The good, the bad and unintended consequences of sustainable investing 

Group sat round a table in discussion
Group sat round a table in discussion

Vanessa Hodge, Mercer's UK Sustainability Integration Lead, and Brian Henderson, Mercer's UK and European Head of Sustainable Investments, explain the challenges of sustainable investment.

There have been many commendable efforts to promote sustainability in our industry through investment decisions, but we also see examples where the execution of approaches or strategies has led to unintended outcomes. Actions without full due diligence can often come at a price, so asset owners must have robust governance processes in place when it comes to sustainable investing.

Greater adoption of sustainable investment strategies has been driven in part by regulation but also by increasing investor sentiment in recent years, as awareness around sustainability issues has grown.

Regulatory initiatives requiring financial services providers to analyse and disclose environmental, social and governance (ESG) considerations in a public way, such as the EU’s Sustainable Finance Disclosure Regulation (SFDR) and Task Force on Climate-Related Financial Disclosures (TCFD) in the UK, have made it easier for asset owners to understand the impact of their investment decisions through a sustainable lens.

Comparing like with like

Clearer rules and regulations on sustainable investment have helped standardise the sustainable investment industry by avoiding ‘greenwashing’ and holding asset managers to account. However, greater regulation and standardisation require more resources, which means additional costs.

Although many asset managers will try to absorb increased costs where possible, there will come a point where they need to be passed on to investors through higher fees, particularly as the disclosure requirements grow.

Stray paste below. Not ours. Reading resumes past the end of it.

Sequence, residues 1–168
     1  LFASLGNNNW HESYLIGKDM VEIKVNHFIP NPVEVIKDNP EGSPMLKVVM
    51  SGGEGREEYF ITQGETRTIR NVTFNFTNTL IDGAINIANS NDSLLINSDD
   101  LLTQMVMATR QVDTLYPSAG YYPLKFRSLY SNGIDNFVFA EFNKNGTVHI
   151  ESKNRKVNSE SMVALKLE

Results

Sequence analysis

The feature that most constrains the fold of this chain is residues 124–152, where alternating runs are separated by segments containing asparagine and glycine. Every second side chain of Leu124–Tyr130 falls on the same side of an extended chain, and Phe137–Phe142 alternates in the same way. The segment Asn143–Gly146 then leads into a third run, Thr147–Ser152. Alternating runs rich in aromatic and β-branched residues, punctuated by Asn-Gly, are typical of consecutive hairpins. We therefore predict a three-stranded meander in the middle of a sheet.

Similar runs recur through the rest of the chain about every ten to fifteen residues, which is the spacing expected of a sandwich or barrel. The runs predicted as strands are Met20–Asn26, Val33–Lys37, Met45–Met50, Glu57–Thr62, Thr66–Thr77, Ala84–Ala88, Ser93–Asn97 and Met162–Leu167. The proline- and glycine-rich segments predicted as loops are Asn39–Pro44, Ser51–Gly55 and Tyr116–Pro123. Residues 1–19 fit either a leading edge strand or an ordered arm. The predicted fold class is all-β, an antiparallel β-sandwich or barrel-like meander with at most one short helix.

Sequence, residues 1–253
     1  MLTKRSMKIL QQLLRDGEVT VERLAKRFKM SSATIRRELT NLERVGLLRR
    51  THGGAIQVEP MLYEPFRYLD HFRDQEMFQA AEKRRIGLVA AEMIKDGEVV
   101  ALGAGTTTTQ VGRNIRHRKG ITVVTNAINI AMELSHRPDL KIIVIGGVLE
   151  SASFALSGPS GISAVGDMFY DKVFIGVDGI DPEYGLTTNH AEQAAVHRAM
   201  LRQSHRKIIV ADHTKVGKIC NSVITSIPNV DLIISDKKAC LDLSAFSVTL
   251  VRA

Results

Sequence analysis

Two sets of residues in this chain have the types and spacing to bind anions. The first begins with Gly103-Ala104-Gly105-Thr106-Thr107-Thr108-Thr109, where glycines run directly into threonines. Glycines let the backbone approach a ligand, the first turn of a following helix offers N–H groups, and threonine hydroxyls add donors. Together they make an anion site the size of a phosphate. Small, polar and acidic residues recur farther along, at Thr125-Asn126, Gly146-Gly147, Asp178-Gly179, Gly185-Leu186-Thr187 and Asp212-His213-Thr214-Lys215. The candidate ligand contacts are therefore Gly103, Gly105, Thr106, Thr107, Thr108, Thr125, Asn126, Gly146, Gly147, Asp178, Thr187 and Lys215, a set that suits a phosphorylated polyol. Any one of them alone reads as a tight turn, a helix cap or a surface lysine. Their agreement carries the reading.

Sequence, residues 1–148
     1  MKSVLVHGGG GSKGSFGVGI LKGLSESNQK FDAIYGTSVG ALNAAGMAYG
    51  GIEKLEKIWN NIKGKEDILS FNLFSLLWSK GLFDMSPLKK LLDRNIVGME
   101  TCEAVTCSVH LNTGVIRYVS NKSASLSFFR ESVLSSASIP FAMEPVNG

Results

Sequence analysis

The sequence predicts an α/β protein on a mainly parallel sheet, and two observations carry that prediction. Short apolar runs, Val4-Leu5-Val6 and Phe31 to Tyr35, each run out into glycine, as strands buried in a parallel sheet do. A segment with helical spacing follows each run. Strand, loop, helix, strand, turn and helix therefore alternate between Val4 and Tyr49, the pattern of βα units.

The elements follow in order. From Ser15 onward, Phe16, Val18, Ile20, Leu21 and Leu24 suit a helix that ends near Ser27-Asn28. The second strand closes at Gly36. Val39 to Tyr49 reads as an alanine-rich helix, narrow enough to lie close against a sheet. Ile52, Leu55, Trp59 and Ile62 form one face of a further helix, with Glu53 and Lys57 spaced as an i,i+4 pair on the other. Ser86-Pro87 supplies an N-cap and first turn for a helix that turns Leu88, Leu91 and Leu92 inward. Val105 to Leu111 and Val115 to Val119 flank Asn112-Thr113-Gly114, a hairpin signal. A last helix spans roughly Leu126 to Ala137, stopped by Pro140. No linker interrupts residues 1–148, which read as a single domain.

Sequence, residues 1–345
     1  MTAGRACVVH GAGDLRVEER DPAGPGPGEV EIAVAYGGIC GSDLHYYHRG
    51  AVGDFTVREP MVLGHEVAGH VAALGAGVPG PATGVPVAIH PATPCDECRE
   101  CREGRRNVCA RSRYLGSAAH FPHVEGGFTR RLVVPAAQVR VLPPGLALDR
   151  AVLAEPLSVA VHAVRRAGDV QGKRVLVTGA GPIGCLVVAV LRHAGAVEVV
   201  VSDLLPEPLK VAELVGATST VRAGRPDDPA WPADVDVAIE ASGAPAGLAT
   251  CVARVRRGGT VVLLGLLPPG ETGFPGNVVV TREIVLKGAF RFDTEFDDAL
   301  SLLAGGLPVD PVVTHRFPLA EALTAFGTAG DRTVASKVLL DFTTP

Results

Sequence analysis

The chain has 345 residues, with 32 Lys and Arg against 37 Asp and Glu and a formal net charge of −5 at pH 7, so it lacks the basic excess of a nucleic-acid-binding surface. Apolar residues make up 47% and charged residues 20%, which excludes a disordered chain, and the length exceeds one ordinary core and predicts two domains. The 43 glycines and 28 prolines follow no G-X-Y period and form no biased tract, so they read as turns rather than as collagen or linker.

Since its introduction in 2021, the SFDR in Europe has helped give investors greater insight into which funds follow sustainable investment practices.  However, there have also been some unintended consequences in fund classification.  There are many investment products with the Article 8 classification: these are funds that promote environmental or social characteristics. However, the classification for Article 8 is broad and it can sometimes be difficult for asset owners to truly understand how sustainability characteristics are embedded in a particular fund.

Meanwhile, the Article 9 classification – assigned to investment products that have sustainability as their core focus – can be so strict that should a fund fail to meet one of the required criteria for a period of time, the fund classification would get downgraded, potentially causing considerable reputational damage to the asset manager, even if the reason for the breach is outside of their control.  This has created a reluctance in the asset manager community to award many investment products with the highest sustainability classification.

The impact of better data

Another challenge for funds is mandatory climate reporting. In the UK, climate change governance and mandatory TCFD reporting is required for occupational pension schemes with over £1bn of scheme assets.  Climate metric data on underlying investment funds has been improving and we have seen a flow of engagement – asset owners have been engaging with their asset managers.  The asset managers needed to respond to their investors and now have to do their own mandatory reporting.  The asset managers are engaging with underlying corporates who will need to do some form of sustainability reporting.  Whilst it feels that the order of the mandatory reporting is backwards, we have seen an increase in momentum in providing supporting data.  And better data is needed in order to make informed investment decisions.